Even though it’s the world’s hottest market, especially for luxury goods, China offers no guarantees. Just ask Hugo Boss (BOS). The German luxury clothing maker began selling its apparel through franchisees or by wholesaling goods to independent retailers in Hong Kong as early as 1982, but it didn’t open its first company-run stores in China until 2006, 15 years after Italian suitmaker Ermenegildo Zegna.
That slow start, and an emphasis on opening stores in lots of cities rather than concentrating on the most affluent metropolises, have taken a toll. Although Hugo Boss now has about 90 of its own stores in Greater China (which includes Macau and Hong Kong) and 30 percent of all its shops in Asia, the region made up a mere 15 percent of the clothier’s ? billion ($2.67 billion) revenue last year. At Burberry Group (BRBY), Asia sales almost equaled European revenue last year, at 32.6 percent.
“They entered China in too timid a way, and now they need to change their distribution strategy” to retailing, says Armando Branchini, founder of luxury consultancy InterCorporate in Milan. “Competition is much tougher than years ago. The wholesale strategy does not provide the service quality and product assortment that the consumer wants for luxury items.”
Makers of pricey apparel and accessories cannot ignore China’s brand-conscious consumers. Luxury goods sales in Greater China climbed 29 percent, to ?3.5 billion in 2011, Bain & Co. estimates, with Chinese customers accounting for more than 20 percent of global luxury consumption. To raise its brand’s profile among the mainland’s affluent, Hugo Boss will open about 20 stores in China this year, including an 800-square-meter (8,600 square foot) flagship in Shanghai, start online sales, and invite 1,500 guests to a fashion show in Beijing in May. “If you want to be successful in China, you need to be visible in Beijing, in Shanghai, as well as in Hong Kong,” Chief Executive Officer Claus-Dietrich Lahrs says. “In the past, we underestimated the need to make an impact in those three cities.”
Hugo Boss elsewhere sells a variety of lines, including lower-priced sportswear and leisure clothing. But in China, it’s pushing its high-end Selection line, with suits for ?49 ($865) and jeans for ?49. That’s expensive, but frequently less so than Zegna, which offers suits for ?,490 and leather shoes for ?80.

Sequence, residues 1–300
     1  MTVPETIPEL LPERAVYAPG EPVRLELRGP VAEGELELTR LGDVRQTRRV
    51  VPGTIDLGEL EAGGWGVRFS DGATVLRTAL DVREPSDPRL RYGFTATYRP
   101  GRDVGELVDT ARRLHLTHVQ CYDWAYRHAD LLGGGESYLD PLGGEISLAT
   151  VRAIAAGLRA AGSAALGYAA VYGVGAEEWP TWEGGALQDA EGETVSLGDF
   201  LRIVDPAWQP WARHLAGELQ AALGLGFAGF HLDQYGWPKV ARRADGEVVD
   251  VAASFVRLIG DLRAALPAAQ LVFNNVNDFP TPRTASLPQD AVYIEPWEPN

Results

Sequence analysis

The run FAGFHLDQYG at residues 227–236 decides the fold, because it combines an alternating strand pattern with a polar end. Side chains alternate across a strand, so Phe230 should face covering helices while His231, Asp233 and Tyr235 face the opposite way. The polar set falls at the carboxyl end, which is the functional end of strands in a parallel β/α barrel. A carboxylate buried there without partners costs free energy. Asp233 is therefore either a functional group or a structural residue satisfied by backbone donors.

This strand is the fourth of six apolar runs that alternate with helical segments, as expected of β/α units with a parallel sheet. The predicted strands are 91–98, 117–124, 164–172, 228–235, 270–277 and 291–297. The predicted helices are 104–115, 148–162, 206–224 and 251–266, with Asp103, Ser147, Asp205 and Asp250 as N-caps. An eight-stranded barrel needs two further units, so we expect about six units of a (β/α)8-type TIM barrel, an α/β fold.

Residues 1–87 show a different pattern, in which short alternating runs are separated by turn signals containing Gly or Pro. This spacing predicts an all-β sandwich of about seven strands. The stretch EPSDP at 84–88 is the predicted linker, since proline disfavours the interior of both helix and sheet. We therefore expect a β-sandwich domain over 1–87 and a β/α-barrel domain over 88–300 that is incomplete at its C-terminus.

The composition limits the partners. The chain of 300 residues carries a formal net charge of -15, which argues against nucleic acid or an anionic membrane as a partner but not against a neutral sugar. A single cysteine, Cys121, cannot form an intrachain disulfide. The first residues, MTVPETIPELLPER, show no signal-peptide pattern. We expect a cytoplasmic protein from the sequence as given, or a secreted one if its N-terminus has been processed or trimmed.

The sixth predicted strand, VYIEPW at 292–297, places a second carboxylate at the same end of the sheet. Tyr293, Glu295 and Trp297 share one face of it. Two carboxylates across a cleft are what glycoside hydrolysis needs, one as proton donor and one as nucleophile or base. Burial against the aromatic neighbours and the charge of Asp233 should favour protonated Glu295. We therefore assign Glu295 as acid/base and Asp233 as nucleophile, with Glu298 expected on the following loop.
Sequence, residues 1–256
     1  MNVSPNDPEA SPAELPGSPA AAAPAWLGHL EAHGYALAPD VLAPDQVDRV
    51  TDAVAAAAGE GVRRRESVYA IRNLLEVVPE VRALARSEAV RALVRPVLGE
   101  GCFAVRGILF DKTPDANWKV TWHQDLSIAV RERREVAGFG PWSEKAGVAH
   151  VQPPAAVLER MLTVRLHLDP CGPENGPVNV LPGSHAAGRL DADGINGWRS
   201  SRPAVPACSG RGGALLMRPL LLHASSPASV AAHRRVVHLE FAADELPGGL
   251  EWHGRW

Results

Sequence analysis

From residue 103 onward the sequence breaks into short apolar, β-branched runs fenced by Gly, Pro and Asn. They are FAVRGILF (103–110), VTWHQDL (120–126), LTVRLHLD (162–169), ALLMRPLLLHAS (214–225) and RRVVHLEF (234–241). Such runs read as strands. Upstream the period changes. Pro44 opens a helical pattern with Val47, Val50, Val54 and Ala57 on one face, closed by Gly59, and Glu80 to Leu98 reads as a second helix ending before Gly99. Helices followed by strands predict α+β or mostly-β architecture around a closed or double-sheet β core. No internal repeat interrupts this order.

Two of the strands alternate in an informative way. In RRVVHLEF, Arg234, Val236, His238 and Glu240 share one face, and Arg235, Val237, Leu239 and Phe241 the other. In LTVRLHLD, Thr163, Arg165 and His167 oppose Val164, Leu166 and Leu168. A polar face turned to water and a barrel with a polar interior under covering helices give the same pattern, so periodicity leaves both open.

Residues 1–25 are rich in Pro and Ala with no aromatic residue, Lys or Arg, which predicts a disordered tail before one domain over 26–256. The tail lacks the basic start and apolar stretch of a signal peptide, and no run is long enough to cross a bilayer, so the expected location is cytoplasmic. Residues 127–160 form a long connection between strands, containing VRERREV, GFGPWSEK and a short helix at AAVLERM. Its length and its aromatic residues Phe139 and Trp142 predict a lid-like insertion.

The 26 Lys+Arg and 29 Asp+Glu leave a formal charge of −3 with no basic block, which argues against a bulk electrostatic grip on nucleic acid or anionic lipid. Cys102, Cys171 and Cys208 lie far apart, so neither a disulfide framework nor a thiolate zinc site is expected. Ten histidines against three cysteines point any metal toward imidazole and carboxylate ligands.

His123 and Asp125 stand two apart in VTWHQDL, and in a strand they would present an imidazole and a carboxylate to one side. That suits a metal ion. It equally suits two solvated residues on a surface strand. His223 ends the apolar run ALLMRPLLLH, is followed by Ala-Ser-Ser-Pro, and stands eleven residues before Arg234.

Under Lahrs, who joined Hugo Boss in 2008 after stints with Christian Dior and LVMH Moët Hennessy Louis Vuitton (MC), store locations are improving, says Anna Patrice, an analyst at Berenberg Bank. He’ll add a store in Taipei 101, the world’s second-tallest building, in May. Hugo Boss’s two-story Shanghai store, to open in December in the Jingan district’s Kerry Center, is near Gucci, Giorgio Armani, and Montblanc stores. “If there are sophisticated, high-end stores in those new luxury malls, it’s the right place for Hugo Boss also to be,” Chief Financial Officer Mark Langer says.
Although the Hugo Boss brand is almost 90 years old, it didn’t begin operating company-owned stores until the 1980s. It had 622 stores worldwide at the end of 2011. The wholesale model works well in Europe and the U.S., where department stores have long hawked multiple high-end brands. Not so on the mainland. “In China, our typical wholesale distribution model does not exist,” CFO Langer says. By 2015, Hugo Boss hopes to build its own retail operations to 55 percent of its total revenues, up from 45 percent currently. Retail staff may also make up the biggest proportion of employees for the first time this year, says Lahrs, who wants to raise Asia sales to more than 20 percent of Hugo Boss’s total by 2015.
Still, the company is expanding in China after the “gravy train” has passed, figures Luca Solca, global head of European equity research at brokerage CA Cheuvreux. That’s because growth in luxury sales is slowing even as competition increases. Michael Kors Holdings (KORS) will open 15 stores in Greater China in 2012 and hopes to have a total of 100 in five years. Zegna this year will add 10 stores to the 82 it has in China, which is its strongest-growing market. And Hermès International (RMS) plans to open a flagship store in Shanghai in late 2013. “I expect that our catch-up activity in this part of the world will eventually help us to go beyond what we see as a slight slowdown of activity in the retail world,” Lahrs said in March.
The bottom line: Hugo Boss was slow in operating its own stores in China. Now it gets just 15 percent of sales in Asia, far less than some luxury rivals.